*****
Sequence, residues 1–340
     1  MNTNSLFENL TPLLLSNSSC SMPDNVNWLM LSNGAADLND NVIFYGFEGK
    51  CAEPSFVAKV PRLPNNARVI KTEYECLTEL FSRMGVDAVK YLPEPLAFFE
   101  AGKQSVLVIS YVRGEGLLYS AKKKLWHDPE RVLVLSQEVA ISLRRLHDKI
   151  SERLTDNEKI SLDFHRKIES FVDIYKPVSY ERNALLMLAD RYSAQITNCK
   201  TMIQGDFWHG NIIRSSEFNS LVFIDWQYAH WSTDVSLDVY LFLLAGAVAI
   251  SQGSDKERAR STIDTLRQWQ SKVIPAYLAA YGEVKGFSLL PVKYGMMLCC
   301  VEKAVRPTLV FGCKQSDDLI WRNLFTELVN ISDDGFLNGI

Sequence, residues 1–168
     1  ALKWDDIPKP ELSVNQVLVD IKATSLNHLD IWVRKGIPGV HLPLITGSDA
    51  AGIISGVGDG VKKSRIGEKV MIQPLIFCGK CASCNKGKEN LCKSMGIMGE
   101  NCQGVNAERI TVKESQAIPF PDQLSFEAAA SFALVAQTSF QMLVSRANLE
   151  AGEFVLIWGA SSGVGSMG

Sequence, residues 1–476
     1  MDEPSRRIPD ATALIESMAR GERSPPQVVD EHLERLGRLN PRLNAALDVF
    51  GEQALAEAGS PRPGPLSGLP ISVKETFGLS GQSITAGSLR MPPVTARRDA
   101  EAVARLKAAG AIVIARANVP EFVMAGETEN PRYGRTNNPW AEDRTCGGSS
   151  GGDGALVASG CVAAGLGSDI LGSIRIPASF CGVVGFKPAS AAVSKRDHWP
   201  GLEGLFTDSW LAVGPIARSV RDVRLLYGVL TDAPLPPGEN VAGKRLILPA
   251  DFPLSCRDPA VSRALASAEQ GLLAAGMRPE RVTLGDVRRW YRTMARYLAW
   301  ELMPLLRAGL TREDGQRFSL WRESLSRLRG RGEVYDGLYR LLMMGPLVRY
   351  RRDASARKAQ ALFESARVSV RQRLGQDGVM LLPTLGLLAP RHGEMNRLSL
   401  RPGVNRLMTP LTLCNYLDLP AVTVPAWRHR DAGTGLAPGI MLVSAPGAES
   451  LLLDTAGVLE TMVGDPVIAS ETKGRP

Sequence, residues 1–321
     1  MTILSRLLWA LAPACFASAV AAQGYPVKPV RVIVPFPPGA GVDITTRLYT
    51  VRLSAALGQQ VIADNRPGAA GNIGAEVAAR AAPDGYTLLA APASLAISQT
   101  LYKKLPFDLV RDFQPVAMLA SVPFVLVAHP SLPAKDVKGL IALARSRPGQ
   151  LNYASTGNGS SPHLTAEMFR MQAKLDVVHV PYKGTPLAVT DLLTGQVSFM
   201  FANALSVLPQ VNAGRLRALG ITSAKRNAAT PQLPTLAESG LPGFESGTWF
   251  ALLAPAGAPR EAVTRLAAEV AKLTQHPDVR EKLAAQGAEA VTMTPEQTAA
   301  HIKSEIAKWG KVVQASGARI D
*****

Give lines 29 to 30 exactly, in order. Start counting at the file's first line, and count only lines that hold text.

   151  LNYASTGNGS SPHLTAEMFR MQAKLDVVHV PYKGTPLAVT DLLTGQVSFM
   201  FANALSVLPQ VNAGRLRALG ITSAKRNAAT PQLPTLAESG LPGFESGTWF